Day two was a much better experience. Once again we were up early and some of the first people at breakfast. We managed to talk with Amir (the manager at Zaya’s) and arranged a ride to the bus station for our Gobi departure the next day, and a ride out to the Soviet Memorial for fallen soldiers immediately. Our start on this little journey was made interesting by the fact that the car did not even twitch when the driver turned the key. No problem. A little sign language and I am in the front seat turning the key while our driver holds the spare battery from the trunk upside down to line up the contacts with the one in the car. A bit unorthodox, but effective! Our second experience with UB traffic was, if anything, slightly more terrifying than the first. This may have had something to do with the fact that we were not completely zonked from travel this time and could truly appreciate the number of times our vehicle nearly hurtled into another that had opted to ignore lanes, lights, or common courtesy or vice versa.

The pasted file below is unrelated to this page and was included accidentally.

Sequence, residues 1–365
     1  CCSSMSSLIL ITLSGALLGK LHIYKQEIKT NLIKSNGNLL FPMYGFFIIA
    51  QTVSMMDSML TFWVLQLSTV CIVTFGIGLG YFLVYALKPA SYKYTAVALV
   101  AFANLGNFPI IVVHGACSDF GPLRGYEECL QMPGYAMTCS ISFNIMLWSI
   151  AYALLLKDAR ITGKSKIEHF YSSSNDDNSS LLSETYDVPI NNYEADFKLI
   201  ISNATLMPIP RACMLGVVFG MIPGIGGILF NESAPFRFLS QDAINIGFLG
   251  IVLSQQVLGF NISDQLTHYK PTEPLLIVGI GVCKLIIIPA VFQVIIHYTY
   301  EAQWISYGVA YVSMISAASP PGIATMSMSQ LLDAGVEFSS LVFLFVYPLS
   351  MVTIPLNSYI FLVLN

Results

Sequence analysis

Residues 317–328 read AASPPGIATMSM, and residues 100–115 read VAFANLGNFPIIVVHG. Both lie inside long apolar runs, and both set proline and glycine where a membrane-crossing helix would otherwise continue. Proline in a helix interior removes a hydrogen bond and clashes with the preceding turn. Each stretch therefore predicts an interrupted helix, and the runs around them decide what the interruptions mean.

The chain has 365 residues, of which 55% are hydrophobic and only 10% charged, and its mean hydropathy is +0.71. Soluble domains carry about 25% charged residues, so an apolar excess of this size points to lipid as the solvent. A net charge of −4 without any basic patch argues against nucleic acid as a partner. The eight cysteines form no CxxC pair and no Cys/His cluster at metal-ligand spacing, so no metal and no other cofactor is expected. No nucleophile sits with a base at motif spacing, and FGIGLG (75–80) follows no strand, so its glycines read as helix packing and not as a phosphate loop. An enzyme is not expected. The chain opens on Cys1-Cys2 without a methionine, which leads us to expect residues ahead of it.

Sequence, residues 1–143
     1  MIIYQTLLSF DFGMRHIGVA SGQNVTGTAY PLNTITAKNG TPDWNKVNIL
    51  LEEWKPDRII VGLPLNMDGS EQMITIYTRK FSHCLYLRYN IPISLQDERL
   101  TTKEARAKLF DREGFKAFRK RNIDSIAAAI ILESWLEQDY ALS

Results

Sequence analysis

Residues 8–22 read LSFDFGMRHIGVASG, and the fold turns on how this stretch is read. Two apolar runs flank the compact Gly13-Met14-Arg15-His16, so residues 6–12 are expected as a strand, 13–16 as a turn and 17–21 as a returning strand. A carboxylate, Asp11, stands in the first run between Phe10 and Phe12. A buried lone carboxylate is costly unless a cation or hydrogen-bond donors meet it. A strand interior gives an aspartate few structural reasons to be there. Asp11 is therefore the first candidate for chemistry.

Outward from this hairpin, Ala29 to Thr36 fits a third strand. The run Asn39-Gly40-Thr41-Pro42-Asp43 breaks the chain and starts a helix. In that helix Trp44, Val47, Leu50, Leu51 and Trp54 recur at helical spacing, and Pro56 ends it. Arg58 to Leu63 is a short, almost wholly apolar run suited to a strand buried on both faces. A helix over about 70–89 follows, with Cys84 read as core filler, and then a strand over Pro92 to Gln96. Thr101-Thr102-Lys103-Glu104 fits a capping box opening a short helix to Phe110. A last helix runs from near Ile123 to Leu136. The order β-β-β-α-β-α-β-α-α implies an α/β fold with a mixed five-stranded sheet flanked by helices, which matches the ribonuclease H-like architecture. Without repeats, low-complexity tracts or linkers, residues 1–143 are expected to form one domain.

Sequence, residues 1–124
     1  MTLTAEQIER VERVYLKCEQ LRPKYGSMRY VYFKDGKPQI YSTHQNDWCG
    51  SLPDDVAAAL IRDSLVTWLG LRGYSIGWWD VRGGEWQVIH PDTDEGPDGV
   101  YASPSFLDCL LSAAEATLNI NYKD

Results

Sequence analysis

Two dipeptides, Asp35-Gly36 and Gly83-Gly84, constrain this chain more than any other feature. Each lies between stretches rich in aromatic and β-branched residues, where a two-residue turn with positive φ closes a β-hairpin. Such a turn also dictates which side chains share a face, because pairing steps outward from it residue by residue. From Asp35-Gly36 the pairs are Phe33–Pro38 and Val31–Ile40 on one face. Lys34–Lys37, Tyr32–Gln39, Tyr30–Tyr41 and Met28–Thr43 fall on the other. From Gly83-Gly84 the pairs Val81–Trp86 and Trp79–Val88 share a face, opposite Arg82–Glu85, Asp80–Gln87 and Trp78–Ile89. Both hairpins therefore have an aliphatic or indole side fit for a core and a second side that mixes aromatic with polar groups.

When we did arrive at the memorial we were some of the first ones there. The bottom part is something of a construction zone but once you head up the stairs and get around to the memorial itself you start to get some really great views opening up for you. Because it is positioned right on the edge of the city you can get both steppe and city views just by turning your head. Pretty amazing. The monument itself was mildly interesting, but the best part by far was the views.

There were two little puppies up there that Tamara fell in love with.

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Just as we were leaving, lots of people started to show up in traditional dress and when we looked down the stairs there was a bride hiking her way up. No mean feat in a wedding dress and heels! We did not hang around as it was getting pretty crowded, but we assume that they were up there for pictures as we saw no officiant.